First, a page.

Of the reed inhabiting birds, from a visual aspect, it’s the male Reed Bunting who wins hands down for me, with his super black head, white neck band and stunning back feathers. My best attempts so far to get an image leave much room for improvement.




Canon 50D
Canon 500mm f4 IS plus 1.4 Extender
F6.3
1/400th
ISO 400
Tripod plus Wimberley Sidekick

Apparently there are Cirl Buntings locally, though I‘ve yet to catch up with one, but did get the following image of a male a few years ago in South Devon, UK.



Canon 20D
Canon 300mm f4 IS plus 1.4 Extender
F7.1
1/500th
ISO 400
Tripod

The Reed Warbler has a repetitive, chatting, rhythmic song in groupings of 3 with some twitters. At first hearing it’s difficult to tell it apart from the Sedge Warbler, but with a little practice you can start to hear the difference. This Warbler is the classic host of the Cuckoo, who also migrates all the way from Africa to ‘parasitize’ these little birds. I always feel sorry for the Warbler when I see TV clips of them enslaved into feeding a Cuckoo chick which eventually becomes many times their size. The Reed Warbler is usually quite hard to see, especially to get a clear image without reeds being in the way, so I was very pleased to get the following image.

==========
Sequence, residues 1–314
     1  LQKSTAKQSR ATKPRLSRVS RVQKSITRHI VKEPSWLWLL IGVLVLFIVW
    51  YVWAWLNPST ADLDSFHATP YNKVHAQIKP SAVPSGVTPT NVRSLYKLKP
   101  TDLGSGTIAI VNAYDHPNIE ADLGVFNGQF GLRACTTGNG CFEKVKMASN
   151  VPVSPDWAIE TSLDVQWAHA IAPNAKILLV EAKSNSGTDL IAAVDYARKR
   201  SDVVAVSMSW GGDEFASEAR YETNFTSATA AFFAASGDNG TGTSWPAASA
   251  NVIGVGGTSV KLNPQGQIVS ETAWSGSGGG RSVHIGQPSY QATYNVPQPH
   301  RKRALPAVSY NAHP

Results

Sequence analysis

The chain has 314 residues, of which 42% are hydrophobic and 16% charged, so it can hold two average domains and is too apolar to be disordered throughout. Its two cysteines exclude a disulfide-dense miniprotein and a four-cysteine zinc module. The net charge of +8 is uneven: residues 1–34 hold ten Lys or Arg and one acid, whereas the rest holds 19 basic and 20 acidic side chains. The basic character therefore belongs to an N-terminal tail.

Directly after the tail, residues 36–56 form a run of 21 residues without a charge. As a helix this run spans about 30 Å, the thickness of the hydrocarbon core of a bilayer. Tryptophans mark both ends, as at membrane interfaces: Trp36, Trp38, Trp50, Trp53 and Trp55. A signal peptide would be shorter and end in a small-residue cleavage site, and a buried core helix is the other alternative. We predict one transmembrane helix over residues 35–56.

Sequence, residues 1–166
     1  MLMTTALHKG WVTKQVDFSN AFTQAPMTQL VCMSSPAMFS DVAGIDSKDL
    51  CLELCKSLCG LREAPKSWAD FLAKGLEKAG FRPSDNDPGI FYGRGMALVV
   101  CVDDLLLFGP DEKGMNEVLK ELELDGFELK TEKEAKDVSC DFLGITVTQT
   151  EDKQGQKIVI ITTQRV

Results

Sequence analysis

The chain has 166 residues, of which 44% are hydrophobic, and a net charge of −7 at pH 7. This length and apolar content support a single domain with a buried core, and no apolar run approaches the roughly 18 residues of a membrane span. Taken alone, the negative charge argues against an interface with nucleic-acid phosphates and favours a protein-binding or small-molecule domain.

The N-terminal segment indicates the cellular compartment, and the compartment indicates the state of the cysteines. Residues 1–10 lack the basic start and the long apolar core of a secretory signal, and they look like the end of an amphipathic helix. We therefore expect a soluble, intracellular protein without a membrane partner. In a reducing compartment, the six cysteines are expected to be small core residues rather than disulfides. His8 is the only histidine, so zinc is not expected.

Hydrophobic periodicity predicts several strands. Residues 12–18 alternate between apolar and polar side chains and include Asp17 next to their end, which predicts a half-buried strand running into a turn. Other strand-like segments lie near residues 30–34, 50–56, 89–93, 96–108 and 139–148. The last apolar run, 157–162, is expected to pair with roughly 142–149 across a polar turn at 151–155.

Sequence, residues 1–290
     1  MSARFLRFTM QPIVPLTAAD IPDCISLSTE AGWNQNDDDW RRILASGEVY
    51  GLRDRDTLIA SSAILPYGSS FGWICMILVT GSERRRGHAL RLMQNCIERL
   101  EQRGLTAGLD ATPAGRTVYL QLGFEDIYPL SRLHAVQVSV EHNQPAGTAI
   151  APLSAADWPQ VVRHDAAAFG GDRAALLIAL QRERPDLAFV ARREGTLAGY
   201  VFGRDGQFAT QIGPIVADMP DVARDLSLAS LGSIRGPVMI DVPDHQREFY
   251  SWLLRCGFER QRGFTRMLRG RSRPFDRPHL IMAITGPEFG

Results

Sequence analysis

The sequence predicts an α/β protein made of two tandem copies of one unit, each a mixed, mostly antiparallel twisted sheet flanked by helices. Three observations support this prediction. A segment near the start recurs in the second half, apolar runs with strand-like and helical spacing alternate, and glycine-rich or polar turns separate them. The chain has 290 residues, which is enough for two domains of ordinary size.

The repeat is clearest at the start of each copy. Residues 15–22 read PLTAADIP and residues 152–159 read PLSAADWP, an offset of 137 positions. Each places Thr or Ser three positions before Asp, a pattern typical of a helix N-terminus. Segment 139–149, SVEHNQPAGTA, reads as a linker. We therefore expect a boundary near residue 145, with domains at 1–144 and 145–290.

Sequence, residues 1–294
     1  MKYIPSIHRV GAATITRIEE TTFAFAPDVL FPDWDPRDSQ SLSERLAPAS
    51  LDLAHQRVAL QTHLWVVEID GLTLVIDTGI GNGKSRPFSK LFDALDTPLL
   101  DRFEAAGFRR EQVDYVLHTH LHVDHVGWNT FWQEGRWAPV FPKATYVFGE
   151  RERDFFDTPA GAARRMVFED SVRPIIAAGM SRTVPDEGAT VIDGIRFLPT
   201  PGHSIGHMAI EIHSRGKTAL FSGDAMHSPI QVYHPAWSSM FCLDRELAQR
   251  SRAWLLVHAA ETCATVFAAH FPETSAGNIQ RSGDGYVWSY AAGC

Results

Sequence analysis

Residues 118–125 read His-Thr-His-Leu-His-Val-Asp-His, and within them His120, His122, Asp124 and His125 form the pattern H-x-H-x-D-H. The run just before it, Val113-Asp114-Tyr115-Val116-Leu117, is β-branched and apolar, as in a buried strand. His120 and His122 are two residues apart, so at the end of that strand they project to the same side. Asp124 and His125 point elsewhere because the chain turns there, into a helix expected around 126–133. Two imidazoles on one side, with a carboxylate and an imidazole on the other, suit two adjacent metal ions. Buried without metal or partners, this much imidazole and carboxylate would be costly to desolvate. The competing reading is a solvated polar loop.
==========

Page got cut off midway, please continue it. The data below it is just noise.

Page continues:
Canon 50D
Canon 500mm f4 IS plus 1.4 Extender
F6.3
1/200th
ISO 400
Tripod plus Wimberley Sidekick


The Sedge Warbler is usually less shy than the Reed Warbler and is much prettier with its characteristic eye stripe. It seems to have an angry, repetitive song with little rhythm that goes ‘all over the place’. To me it feels like the bird is really telling me off. This warbler characteristically launches itself into the air and then parachutes down to the top of the highest reed or a nearby bush to carry on its singing.



Canon 50D
Canon 500mm f4 IS plus 1.4 Extender
F6.3
1/200th
ISO 400
Tripod plus Wimberley Sidekick




Canon 50D
Canon 500mm f4 IS plus 1.4 Extender
F6.3
1/200th
ISO 400
Tripod plus Wimberley Sidekick



Canon 50D
Canon 500mm f4 IS plus 1.4 Extender
F6.3
1/200th
ISO 400
Tripod plus Wimberley Sidekick

The following image is an extreme crop to show the amazing number of insects this Sedge Warbler has caught to feed its chicks. How on earth can it catch and hold that many in its beak? Unbelievable!